When we look at our ancestors we see varying degrees of color. A beautiful array in shades of the brown earth and alabaster.
Labeled; black, colored, yellow, negro, mulatto, passing white and the litany of other names that disrespect and strip away humanism. Names that reflect a past slave culture of property.
Those unfamiliar with the way of the South or too young to recall the one drop rule can’t quite grasp how the “white” ancestors were still considered black and subjected to the same segregation laws. Why those of color still suffered injustices after the emancipation proclamation. How Kemper, Neshoba, and surrounding counties led the parade of evil.
One of the leading genealogists in the United States, Elizabeth Shown Mills, a matching DNA family to our Johnson’s graciously led me down an educated path on Mississippi’s state of affairs with her recommendation in 2003 of the Report of the Joint Select Committee to Inquire into the Condition of Affairs in the Late Insurrectionary States.
This 1872 report is 13 volumes and lists testimonies from a government committee that investigated the Ku Klux Klan and other “clubs” that ran rampant in the southern states after the Civil War. I recommend reading volume 1 and 11-12 (Mississippi) if you are not acquainted with the evolution of the changes that kept freedom from becoming truth.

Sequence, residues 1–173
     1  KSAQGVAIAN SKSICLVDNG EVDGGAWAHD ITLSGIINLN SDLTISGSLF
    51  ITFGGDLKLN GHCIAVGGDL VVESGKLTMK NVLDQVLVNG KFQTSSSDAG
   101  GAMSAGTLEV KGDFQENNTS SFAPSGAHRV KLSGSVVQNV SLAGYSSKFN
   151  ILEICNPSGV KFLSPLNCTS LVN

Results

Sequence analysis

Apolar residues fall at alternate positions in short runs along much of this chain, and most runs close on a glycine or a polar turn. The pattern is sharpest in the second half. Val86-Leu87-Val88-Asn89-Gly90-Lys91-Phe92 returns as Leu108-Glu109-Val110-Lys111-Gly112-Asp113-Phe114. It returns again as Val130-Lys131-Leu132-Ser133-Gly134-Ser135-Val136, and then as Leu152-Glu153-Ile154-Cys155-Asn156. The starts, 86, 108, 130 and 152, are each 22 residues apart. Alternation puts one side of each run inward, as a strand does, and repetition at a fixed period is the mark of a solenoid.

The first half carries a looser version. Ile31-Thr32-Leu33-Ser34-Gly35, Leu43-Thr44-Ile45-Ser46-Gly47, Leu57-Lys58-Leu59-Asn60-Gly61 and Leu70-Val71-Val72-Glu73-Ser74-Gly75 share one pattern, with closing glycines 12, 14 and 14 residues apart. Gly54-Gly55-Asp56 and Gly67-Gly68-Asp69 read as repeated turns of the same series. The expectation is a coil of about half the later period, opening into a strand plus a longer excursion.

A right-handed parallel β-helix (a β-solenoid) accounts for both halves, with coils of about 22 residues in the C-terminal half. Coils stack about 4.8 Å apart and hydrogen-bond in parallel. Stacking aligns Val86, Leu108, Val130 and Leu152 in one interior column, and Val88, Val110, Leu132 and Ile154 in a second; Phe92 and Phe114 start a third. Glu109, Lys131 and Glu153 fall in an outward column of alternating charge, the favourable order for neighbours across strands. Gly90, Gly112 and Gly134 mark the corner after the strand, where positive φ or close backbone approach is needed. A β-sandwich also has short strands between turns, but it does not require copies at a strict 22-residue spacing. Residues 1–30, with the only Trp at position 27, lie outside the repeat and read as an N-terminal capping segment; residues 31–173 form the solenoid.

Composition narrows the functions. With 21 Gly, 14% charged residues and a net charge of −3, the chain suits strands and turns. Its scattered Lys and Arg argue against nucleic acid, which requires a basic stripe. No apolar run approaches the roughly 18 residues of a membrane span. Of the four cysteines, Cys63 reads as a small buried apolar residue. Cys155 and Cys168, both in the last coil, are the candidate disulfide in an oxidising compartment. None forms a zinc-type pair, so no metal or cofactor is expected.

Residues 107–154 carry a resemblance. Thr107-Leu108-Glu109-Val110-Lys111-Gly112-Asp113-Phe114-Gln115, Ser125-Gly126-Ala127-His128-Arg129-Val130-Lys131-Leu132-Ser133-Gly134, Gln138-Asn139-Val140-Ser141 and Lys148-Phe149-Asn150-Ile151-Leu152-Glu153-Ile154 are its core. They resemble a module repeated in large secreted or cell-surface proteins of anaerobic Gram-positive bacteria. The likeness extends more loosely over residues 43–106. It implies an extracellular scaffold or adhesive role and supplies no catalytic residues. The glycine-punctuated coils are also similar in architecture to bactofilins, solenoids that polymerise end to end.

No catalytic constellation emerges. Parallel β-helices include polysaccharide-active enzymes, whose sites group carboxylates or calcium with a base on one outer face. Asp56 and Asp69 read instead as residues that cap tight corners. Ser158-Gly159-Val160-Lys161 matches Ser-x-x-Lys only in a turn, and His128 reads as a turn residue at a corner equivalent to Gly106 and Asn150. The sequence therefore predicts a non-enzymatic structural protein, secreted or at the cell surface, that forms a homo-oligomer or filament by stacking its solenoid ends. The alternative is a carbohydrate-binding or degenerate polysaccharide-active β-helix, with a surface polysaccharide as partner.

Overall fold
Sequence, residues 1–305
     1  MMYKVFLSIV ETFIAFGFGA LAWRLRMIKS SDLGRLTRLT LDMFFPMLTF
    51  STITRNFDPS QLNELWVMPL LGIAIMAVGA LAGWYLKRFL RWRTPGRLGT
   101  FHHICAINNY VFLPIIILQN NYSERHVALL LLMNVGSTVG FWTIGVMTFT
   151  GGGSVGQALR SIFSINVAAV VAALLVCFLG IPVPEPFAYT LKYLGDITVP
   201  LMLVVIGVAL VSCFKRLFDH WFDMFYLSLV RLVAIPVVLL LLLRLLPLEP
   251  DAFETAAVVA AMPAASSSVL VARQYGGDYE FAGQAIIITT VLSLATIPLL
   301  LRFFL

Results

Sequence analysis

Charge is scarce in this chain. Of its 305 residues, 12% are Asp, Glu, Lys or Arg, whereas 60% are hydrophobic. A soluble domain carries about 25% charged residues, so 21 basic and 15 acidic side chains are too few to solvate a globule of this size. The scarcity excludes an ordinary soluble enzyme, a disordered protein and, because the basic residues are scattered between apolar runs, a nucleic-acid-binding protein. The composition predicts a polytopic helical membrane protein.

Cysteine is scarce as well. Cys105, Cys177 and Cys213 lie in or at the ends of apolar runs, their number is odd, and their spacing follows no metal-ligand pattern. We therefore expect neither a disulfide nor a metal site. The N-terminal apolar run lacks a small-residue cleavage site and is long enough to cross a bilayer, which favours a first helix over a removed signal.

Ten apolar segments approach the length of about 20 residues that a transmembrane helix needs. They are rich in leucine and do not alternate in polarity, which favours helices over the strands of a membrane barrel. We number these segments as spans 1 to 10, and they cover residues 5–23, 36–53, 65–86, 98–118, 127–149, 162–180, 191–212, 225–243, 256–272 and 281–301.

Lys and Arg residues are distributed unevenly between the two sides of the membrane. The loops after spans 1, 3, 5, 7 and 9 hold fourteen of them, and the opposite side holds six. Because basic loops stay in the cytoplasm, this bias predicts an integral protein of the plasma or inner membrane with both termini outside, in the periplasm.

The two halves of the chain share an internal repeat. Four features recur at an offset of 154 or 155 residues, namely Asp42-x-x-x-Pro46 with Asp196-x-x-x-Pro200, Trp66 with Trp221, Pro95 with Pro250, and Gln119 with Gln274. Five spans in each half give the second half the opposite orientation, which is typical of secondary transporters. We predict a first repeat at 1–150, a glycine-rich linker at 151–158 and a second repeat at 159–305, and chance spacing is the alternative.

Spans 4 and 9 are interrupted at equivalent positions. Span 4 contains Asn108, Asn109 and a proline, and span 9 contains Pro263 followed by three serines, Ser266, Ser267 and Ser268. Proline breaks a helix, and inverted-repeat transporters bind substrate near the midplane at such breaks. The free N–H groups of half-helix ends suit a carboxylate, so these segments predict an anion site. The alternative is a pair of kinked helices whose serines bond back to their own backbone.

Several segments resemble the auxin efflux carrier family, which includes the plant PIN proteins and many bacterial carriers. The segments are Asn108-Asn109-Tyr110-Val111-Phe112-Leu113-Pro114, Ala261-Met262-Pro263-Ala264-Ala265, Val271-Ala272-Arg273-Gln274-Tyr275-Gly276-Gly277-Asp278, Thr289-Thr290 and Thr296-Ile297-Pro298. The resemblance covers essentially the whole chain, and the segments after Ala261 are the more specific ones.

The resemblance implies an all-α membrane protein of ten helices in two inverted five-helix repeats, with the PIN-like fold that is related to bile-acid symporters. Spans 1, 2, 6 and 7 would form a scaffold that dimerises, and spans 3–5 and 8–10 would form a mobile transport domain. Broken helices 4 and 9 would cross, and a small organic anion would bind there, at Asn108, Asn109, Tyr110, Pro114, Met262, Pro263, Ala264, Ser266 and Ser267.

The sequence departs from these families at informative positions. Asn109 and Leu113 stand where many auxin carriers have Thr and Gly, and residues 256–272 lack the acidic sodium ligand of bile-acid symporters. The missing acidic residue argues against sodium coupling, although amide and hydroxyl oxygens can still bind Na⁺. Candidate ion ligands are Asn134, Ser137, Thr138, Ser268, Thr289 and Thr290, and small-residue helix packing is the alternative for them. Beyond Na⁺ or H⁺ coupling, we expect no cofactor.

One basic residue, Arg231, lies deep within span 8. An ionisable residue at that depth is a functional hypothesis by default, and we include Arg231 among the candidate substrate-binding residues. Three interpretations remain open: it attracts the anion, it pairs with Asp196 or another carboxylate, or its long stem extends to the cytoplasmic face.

The Jim Crow laws legalizing separation between black and white were enacted mainly between 1876 and 1965. Kemper and Neshoba counties went beyond those wicked laws and their Ku Klux Klan presence intensified as years raged on. They terrorized those who challenged their laws and adapted the ideology of pathological killers; murdering someone who might have looked the wrong way.
The 1917 one drop rule in Mississippi was actually practiced decades earlier. If you had 1/8 of African blood you were considered black and segregated from whites. If you had one grandparent as black and three as white you were still considered black and it was against the law to marry white. For further understanding read F. James Davis’ explanation. He is a retired professor of sociology at Illinois State University. He is the author of numerous books, including Who is Black? One Nation's Definition (1991). An excerpt is listed here: